Throughout the years, teachers from Hamilton Southeastern School District have noticed a difference in the anxiety levels of their students. According to U.S. News, this rise in student stress, anxiety, and depression is traced back to an increased pressure to succeed, social anxiety, school shootings, a lack of self-confidence, and of course, social media.
Teaching students how to cope with their mind is more important now than ever. Here are 6 reasons mental health should be taught in schools.
Suicide is the 3rd leading cause of death for ages 10-24.
90% of those who commit suicide had an underlying mental illness. Without being taught about the reality of mental illness – how dark, scary, and alone it feels – kids won’t understand the impact that ‘just being kids’, whether that’s bullying, slut-shaming, or spreading rumors, can actually have. They won’t understand that our empathy, kindness, and care can have life or death consequences.
If we can help students understand their mental health, we can help prevent them from getting to the place where they make a permanent decision to end a temporary situation.
Many mental health conditions start during adolescence.
Half of individuals living with a mental illness experience onset by the age of 14. This number jumps to 75% by the age of 24. One in five youth live with a mental health condition including major depression, but less than half of these individuals receive needed services. Undiagnosed, untreated or inadequately treated mental health conditions can affect a student’s ability to learn, grow and develop.
Students learn about physical and nutritional health, but not about mental health.
Health isn’t just about what’s going on in the outside world. Physical education class is required to help teach children about the value of nutrition and exercise. We teach them all about staying fit and eating health. Health classes teach about diseases, safe sex, and nutrition. Financial education has even been added to the curriculum to teach about buying cars and budgeting.
In America, we have realized the importance of teaching our future generations about their physical health, nutritional health, and even financial health. Yet, we don’t teach them about their mental health. This gap in curriculum has a potentially huge impact on society for generations to come. Poor mental health, depression, and anxiety affect the way students behave, interact in their communities, and make connections with others.
There is an increased pressure in society, and more freedom to choose.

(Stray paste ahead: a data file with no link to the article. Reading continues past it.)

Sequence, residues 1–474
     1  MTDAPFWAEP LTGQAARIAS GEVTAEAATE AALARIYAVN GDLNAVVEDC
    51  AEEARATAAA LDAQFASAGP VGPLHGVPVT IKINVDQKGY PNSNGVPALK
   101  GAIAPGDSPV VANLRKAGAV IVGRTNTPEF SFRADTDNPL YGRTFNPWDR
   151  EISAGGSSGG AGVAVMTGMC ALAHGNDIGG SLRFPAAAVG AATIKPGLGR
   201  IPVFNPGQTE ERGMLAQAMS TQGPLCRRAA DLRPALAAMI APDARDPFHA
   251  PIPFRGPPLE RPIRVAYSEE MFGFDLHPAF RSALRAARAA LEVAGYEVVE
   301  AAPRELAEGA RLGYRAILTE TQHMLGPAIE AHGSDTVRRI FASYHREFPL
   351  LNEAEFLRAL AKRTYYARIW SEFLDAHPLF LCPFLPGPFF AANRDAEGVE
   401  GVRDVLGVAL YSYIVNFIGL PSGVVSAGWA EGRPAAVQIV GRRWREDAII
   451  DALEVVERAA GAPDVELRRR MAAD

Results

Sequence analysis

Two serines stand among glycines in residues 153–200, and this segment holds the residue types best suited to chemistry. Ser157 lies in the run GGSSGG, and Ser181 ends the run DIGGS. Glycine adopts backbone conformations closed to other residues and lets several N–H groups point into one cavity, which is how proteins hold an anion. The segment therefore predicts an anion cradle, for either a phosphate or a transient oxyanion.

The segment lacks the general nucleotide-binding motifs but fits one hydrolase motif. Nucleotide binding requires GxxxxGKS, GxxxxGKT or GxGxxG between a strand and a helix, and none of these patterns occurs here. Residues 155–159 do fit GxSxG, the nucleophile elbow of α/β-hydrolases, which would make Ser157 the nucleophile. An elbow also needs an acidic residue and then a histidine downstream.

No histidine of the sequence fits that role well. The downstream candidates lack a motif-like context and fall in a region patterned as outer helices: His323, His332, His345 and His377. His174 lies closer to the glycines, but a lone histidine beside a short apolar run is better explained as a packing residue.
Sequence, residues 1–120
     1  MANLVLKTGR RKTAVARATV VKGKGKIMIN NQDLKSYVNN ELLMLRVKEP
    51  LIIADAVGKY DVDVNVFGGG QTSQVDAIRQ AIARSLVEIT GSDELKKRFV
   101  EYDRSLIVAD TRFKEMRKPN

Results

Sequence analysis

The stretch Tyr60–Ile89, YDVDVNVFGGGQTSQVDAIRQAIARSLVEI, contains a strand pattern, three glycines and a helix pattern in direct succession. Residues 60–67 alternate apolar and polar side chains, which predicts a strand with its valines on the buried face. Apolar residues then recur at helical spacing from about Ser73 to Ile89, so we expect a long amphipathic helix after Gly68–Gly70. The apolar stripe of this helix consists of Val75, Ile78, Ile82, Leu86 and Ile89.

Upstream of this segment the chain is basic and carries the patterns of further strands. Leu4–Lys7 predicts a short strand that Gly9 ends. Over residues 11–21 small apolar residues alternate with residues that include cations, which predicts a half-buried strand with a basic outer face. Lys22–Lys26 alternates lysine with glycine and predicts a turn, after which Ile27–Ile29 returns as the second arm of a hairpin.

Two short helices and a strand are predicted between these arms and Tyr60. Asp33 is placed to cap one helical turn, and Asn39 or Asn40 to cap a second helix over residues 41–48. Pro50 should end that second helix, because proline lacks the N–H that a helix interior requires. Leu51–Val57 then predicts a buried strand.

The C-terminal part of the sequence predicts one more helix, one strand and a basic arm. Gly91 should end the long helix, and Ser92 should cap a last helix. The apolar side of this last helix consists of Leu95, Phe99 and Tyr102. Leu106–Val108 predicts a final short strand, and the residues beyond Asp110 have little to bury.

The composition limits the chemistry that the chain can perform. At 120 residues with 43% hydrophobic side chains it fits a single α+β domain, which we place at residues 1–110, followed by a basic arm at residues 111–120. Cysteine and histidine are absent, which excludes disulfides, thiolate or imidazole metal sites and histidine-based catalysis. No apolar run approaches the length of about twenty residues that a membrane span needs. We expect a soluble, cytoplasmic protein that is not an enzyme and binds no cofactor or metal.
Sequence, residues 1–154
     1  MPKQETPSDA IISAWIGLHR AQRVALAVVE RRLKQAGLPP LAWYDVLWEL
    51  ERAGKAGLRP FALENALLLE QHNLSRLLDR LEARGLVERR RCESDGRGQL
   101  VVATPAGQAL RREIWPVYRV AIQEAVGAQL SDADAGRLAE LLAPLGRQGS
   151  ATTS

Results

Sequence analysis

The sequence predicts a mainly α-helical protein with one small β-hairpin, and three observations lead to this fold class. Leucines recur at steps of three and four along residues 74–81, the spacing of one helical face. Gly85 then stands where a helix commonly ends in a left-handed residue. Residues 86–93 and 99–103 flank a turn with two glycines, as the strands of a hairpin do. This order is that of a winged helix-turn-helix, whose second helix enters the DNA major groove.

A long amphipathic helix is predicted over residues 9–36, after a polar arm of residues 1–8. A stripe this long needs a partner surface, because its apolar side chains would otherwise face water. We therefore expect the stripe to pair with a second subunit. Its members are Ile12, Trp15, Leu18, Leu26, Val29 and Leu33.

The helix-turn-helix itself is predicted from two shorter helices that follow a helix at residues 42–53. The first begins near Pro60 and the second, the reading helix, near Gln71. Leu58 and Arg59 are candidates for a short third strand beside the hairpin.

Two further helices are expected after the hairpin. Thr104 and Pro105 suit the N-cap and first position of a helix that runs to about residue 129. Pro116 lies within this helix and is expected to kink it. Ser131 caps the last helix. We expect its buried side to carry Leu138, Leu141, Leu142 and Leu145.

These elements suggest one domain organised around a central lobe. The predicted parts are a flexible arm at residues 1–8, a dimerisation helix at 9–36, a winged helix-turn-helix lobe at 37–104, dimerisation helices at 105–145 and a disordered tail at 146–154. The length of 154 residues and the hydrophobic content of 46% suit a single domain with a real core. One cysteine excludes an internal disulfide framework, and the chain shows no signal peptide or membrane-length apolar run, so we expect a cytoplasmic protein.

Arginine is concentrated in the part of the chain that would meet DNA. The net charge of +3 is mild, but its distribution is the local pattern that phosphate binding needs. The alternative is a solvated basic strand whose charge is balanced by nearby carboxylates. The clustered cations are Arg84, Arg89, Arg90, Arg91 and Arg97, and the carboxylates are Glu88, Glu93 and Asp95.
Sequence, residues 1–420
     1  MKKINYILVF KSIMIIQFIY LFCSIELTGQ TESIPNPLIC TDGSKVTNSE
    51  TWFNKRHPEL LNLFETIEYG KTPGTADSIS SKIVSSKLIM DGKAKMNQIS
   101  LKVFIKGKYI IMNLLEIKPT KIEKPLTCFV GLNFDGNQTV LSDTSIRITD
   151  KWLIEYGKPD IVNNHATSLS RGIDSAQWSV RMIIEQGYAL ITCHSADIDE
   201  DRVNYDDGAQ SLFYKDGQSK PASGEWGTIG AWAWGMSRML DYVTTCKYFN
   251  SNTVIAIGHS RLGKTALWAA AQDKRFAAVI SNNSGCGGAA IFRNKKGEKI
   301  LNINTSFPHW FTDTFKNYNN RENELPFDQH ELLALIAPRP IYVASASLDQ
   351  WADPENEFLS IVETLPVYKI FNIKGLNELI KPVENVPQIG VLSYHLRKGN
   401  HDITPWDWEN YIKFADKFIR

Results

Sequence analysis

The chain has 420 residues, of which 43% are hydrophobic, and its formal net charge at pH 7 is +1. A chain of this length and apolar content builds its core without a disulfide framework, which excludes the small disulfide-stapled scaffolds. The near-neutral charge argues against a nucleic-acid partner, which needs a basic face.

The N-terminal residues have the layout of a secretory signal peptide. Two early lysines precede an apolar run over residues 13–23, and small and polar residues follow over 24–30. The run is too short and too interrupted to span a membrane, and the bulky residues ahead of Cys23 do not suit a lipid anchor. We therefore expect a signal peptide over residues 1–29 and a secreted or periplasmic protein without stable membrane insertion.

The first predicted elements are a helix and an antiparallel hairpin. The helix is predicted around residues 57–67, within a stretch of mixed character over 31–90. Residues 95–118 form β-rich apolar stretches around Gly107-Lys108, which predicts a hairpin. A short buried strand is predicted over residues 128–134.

We aren’t saying life was easy 50 years ago, but there was a simplicity to it that today’s kids don’t get to benefit from. Life is much more confusing for young people growing up now.
Now, there’s an increased pressure to decide what you want to do in life, early in life. On top of that, there are a million different information sources that could overload even the most mature brain, let alone one still trying to process the world around them.
Although preparing students for their future is important, part of that is preparing them for handling that future. Students need to be taught stress management techniques, how to communicate their feelings, and ultimately they need to hear that it’s okay to fail.
Most of student’s stress and anxiety come from school and the individuals there.
Schools are where young people spend most of their day. It’s where friendships happen and where relationships form. It’s where teens find their self-worth – in popularity, in sports, in achievement. And it’s where mental health issues can become obvious – and exacerbated.
There’s a growing emphasis on schools providing mental health support. But in the majority of cases, this comes in the form of support only for children who directly ask for it. Mental health support should be available to every student – even the ones who don’t know they need it.
Who is Making an Effort?
Organizations like National Alliance on Mental Illness (NAMI) understand that schools are stretched very thin. They support increased funding to train school faculty and staff on the early warning signs of mental health conditions and how to link students to services. Funding would also allow school-based mental health professionals to coordinate services and supports between schools and the community mental health system.
Why is Education About Mental Health Important?
Mental health is something that everyone will have to deal with at some point in their life. This might be getting help with mental illness, helping someone else, or dealing with stressful moments and challenges. Schools need to be portraying mental health as equally important and crucial as physical health (because it is!) That starts with making mental health education a required part of education across all schools.
The best way kids are going to learn to understand mental health is to educate them. We hope parents are doing so inside the home, and we believe it’s time to start outside the home, too.
Drug-Free Treatment for Stress, Anxiety, and Depression
At Brain Forest Centers, we use what’s called neurofeedback to help rewire your brain back to a balanced, neutral position. Neurofeedback can help anxious or depressed brains return to their healthy, balanced state. Our treatments are pain-free, non-invasive, and have been proven time and time again to work.